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The Ten Novice Precepts

The true basis for the life of a novice monk or nun is the
practice of the Ten Precepts and, what are called in monastic
Buddhism, "Mindful Manners." These are concrete
manifestations of the practice of mindful living, of a life
of liberation and love. They confirm that you have left
behind the world of entanglement and are moving in the
direction of peace, love, and freedom. In fact, they are
mindfulness itself. Without mindful awareness in each act
of everyday life, these precepts and manners are lifeless,
without spirit.

The Ten Novice Precepts might appear as a limitation
of a novice's freedom, but in reality they protect it and
bring joy and harmony to you as an individual and to
your community (Sangha). When you practice the precepts,
you practice concentration and insight at the same
time; and precepts, concentration, and insight always
help you realize peace and liberation right away. Practicing
the precepts and Mindful Manners nourish your
bodhichitta (mind of love) and prevent you from losing
sight of the deepest goals of the monastic life. The Buddha
encouraged his disciples to practice the Ten Precepts
and the Trainings in Mindful Manners diligently in order
to prepare for full ordination as a monk (bhikshu) or a
nun (bhikshuni).

THE FIRST PRECEPT
On Protecting Life

Aware of the suffering brought about by the
destruction of life, I vow to cultivate compassion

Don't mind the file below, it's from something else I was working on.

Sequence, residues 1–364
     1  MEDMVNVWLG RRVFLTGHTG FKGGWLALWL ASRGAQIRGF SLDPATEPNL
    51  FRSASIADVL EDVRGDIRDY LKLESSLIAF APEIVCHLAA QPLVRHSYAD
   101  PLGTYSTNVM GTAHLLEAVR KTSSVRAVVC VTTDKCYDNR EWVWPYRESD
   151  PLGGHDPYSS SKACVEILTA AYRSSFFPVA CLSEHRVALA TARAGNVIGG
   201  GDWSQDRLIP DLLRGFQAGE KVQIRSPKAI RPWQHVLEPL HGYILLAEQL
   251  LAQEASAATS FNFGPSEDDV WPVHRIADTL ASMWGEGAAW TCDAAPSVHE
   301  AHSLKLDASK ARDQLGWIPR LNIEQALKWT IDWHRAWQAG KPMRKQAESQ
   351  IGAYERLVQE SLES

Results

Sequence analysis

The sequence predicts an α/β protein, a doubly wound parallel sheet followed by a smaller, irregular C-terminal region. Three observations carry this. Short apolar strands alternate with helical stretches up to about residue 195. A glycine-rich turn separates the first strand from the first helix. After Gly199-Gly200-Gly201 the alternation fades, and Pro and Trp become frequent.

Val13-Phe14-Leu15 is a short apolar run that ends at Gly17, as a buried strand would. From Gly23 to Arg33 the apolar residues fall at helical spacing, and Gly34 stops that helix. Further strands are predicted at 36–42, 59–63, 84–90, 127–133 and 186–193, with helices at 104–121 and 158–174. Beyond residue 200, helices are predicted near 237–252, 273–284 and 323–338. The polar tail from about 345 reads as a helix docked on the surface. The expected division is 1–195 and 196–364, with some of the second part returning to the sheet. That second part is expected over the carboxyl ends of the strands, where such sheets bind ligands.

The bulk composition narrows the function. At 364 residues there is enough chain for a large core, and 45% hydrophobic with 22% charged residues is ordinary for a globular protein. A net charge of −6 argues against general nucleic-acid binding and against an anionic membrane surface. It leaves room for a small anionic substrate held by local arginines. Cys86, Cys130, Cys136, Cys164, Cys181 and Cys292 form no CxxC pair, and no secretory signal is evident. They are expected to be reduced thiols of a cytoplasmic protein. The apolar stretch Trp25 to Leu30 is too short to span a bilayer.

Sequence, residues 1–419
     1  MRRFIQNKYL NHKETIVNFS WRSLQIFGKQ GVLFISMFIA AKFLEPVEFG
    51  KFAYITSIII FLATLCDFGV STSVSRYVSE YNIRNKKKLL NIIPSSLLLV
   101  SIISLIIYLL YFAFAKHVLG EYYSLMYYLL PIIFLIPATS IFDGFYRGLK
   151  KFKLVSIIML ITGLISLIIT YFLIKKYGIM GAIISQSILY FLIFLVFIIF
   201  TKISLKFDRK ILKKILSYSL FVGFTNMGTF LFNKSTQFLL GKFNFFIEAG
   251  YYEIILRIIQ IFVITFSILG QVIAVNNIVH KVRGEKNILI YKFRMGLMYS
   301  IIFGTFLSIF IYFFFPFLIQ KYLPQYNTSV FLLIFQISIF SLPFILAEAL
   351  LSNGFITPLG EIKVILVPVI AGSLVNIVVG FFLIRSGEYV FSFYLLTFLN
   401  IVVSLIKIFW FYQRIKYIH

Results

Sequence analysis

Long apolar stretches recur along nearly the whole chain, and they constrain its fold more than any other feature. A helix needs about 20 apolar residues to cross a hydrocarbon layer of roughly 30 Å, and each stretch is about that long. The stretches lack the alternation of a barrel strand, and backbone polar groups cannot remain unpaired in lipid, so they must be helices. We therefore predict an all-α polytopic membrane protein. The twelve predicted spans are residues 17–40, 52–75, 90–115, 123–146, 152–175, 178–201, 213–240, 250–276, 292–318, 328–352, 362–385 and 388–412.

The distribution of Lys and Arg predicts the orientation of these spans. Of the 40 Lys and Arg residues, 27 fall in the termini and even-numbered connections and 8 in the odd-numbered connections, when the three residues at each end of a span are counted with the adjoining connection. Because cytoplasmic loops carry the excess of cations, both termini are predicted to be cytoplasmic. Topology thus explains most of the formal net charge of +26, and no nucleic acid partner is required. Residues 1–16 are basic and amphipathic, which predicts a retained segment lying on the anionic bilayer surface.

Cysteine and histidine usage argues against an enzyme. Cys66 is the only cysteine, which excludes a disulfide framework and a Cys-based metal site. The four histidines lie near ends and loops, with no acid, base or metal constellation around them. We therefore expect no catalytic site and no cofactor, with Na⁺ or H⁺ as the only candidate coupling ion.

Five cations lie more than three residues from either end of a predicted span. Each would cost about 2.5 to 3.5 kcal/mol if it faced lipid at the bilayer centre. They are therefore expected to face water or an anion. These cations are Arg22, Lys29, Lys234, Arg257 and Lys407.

and learn ways to protect the lives of humans
and all other species. I am determined not to
kill, not to let others kill, and not to condone
any act of killing in the world, in my thinking,
or in my way of life.

When a novice practices this precept, he or she learns
to look at all beings with the eyes of compassion and
thereby transforms the seeds of violence and hatred and
nourishes the seeds of love. Violence and hatred cause
boundless suffering. While a novice walks, sits, stands,
lies down, works, speaks, eats, or drinks, she does not
forget that all species are suffering. Protecting life is the
first practice of someone cultivating her bodhichitta, mind
of love.

THE SECOND PRECEPT
On Respecting What Belongs to Others

Aware of the suffering caused by exploitation,
social injustice, stealing, and oppression, I vow
to cultivate loving kindness in order to bring joy
and peace to humans and all other species. I am
determined to share my time and energy with
those who are in real need. I vow not to steal or
take into possession anything that belongs to my
community or anyone else. I will respect the
property of others, but I will prevent others from
profiting from human suffering or the suffering
of other species.

When a novice practices this precept, he nourishes loving
kindness by working to end injustice. The first step
for a monk or nun is to live simply with only the possessions
he needs. The beauty of a monk or a nun's life
comes from this simple lifestyle, that allows them to have
more time and energy to help others and bring them lasting
joy.

THE THIRD PRECEPT
On Protecting Chastity

Aware that the aspiration of a monk or a nun
can only be realized when I wholly leave behind
the bonds of worldly love, I vow to protect myself
and to help others to protect themselves by the
practice of chastity. I know that any sexual
engagement will destroy my life as a monk or a
nun and damage the lives of others. I am aware
that having a sexual relationship will prevent
me from realizing my ideal to serve living
beings.

When a novice practices this precept, he or she is protecting
his or her freedom. Monks and nuns practice this
precept not merely by repressing sexual desire, but by